Parachuting, Norfolk, Vacations, Family History,

I’d say so!










Parachuting, Norfolk, Vacations, Family History,

Can I do it again please?






Chimney Sweepers

Who would have thought that just a chance comment in an article on a website could give me hours of researching fun? Well, if you are like me, anything I start to look at, usually ends up meaning that I research the subject till I have enough material for a book!

I have discovered many things which are just too painful to think about, children being put up hot flues, children of four or five being sent up chimneys and the terrible conditions  in which they lived.


Below, I quote from some journals and reports of the time before this terrible practice was finally stopped. It isn’t nice to read but, if you are a serious historian, it is important to know what was REALLY going on during the times of our ancestors. Many of our ancestors would have been involved in this trade, either as sweeps, journeymen or customers!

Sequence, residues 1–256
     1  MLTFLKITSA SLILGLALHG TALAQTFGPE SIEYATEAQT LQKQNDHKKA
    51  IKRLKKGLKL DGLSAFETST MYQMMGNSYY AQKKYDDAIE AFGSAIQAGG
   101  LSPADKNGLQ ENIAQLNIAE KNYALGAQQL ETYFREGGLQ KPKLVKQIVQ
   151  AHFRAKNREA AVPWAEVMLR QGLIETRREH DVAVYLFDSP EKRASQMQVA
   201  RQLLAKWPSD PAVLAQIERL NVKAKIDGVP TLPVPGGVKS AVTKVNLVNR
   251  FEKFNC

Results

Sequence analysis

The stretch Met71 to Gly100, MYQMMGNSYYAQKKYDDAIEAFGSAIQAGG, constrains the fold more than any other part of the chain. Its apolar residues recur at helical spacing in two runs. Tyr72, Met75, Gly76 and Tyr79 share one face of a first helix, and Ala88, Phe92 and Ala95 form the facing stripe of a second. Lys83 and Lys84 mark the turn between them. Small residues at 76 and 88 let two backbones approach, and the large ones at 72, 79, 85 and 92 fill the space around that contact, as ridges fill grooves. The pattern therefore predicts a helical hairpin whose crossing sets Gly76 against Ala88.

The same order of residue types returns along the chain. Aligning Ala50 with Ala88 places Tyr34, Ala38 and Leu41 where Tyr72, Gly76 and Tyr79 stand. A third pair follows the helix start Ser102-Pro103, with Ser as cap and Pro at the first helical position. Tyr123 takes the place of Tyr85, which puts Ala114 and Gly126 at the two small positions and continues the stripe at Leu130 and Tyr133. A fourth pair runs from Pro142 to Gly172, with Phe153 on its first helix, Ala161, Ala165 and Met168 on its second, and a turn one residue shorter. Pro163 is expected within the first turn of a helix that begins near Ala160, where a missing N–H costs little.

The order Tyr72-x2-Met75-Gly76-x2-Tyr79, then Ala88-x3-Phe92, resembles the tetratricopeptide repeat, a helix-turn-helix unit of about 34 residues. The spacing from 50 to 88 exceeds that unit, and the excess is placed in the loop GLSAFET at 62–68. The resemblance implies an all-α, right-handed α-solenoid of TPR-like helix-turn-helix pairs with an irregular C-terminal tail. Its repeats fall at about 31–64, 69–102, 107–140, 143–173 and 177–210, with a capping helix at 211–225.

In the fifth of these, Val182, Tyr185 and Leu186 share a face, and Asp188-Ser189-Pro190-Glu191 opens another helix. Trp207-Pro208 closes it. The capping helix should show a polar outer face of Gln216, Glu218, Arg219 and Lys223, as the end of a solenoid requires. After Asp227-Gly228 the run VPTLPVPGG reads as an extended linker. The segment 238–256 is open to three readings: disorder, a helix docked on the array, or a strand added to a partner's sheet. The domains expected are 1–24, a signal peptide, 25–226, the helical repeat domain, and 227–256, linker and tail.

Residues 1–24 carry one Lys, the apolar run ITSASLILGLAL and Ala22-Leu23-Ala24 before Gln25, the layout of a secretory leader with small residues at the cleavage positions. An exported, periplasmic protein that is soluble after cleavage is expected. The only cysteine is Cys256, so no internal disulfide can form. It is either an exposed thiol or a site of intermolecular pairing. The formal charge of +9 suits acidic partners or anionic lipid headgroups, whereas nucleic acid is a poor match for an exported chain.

“One boy, who was put into a flue when it was hot, was almost dead when he was got out, and died very soon afterwards. Another boy, ten years of age, was so badly burned that he was rendered a cripple for life. Another boy came tumbling down and died from the effects of the burning. In another case, a boy who was driven up a flue by his master did not come out again alive. There were two cases in which children had been literally roasted to death. The boys in these cases were not more than five or six years old. In June, 1851, a boy named George Wilson, ten years of age, who bad swept nine chimneys, was suffocated in the tenth, up which he had been forced by his master; and a witness said that the place was so hot that he could not have kept his hand on it for five minutes. ”